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Violin Concertos [Import]

Prokofiev , Stravinsky Audio CD

Price: CDN$ 12.43
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1. CONCERTO FOR VIOLIN AND ORCHESTRA NO. 1 IN D, OP. 19: I. Andantino
2. CONCERTO FOR VIOLIN AND ORCHESTRA NO. 1 IN D, OP. 19: II. Scherzo. Vivacissimo
3. CONCERTO FOR VIOLIN AND ORCHESTRA NO. 1 IN D, OP. 19: III. Moderato
4. Concerto For Violin And Orchestra No. 2 In G Minor, Op. 63: I. Allegro Moderato
5. Concerto For Violin And Orchestra No. 2 In G Minor, Op. 63: II. Andante assai
6. Concerto For Violin And Orchestra No. 2 In G Minor, Op. 63: III. Allegro, ben marcato
7. Concerto In D For Violin And Orchestra: I. Tocatta
8. Concerto In D For Violin And Orchestra: II. Aria I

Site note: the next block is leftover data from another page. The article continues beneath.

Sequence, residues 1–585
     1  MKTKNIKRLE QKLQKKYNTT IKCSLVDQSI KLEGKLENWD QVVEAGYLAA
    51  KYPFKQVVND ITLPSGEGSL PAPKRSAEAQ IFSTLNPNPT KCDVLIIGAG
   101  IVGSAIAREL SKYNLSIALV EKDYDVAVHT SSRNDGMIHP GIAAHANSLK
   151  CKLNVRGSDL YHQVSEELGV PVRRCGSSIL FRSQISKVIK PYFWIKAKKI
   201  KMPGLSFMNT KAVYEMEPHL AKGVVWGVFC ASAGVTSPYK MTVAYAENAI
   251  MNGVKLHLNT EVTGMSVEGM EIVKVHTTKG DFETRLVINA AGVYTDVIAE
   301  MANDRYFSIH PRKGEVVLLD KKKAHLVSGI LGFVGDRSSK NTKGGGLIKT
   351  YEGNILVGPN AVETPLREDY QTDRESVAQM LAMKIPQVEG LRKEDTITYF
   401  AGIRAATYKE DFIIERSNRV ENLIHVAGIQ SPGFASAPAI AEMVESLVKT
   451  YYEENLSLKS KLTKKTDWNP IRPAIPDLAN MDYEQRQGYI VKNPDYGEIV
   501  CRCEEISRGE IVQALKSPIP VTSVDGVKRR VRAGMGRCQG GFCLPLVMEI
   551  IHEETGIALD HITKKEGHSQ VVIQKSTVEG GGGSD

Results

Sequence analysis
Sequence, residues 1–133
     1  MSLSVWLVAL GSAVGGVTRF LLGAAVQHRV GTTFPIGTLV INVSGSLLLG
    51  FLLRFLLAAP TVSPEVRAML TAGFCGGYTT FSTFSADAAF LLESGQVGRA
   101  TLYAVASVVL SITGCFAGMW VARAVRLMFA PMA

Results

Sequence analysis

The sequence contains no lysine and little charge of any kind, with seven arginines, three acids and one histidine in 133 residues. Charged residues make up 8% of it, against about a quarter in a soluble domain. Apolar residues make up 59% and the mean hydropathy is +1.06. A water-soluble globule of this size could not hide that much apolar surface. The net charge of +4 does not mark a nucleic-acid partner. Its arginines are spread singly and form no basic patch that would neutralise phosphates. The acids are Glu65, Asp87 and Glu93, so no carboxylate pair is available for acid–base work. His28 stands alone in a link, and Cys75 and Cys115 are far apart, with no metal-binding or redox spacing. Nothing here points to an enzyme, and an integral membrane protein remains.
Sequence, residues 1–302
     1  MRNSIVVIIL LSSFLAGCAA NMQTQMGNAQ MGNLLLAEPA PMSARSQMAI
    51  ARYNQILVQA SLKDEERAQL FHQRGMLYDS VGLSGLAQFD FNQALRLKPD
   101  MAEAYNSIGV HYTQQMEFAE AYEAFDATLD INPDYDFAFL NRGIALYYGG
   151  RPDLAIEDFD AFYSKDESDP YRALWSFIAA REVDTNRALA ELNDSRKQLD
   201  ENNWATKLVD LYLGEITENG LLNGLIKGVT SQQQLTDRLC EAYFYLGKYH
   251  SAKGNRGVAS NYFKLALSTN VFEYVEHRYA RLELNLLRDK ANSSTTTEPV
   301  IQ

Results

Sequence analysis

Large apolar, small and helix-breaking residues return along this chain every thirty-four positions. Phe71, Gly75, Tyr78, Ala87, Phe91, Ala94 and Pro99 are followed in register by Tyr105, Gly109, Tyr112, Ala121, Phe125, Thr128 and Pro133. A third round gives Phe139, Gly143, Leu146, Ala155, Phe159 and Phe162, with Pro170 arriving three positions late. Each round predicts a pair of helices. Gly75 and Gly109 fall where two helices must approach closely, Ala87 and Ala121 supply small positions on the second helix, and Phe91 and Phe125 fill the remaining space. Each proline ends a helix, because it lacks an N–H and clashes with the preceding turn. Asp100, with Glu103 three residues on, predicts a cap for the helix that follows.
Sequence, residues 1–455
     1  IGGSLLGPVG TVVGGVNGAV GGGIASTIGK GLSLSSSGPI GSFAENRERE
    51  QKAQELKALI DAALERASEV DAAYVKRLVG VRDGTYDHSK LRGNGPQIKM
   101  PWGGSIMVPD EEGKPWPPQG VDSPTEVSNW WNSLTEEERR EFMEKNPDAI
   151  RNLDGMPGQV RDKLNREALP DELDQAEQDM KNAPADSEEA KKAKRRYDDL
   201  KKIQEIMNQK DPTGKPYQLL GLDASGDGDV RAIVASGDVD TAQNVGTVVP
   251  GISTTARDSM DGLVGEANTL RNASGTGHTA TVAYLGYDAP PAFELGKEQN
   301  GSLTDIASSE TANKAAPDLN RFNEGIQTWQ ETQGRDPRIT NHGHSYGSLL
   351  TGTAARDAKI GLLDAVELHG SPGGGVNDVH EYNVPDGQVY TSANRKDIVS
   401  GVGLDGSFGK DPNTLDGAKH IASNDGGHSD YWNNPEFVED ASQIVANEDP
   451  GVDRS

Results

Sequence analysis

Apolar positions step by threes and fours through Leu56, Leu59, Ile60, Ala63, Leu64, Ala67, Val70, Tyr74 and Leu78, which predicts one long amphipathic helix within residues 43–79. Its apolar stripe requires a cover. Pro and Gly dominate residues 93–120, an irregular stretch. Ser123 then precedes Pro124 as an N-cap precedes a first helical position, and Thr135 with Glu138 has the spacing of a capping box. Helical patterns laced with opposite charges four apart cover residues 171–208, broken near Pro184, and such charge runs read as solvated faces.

9. Concerto In D For Violin And Orchestra: III. Aria II
10. Concerto In D For Violin And Orchestra: IV.Capriccio

Product Description

Amazon.ca

Cho-Liang Lin's performances of these two attractive violin concertos have been almost unanimously praised since they first came out (nothing in the classical music business is completely unanimous!), and the Stravinsky coupling makes this disc an excellent value for the money. The two composers couldn't be further apart stylistically. Prokofiev continues to mine the great Russian Romantic tradition, aided by his wonderfully personal melodic gift. All of Stravinsky's best tunes, by contrast, were borrowed from someone else. His dry, witty, neo-classicism sounds like a cold shower after his compatriot's warmth, but it's first rate entertainment all the same. The digital sound is great , too. --David Hurwitz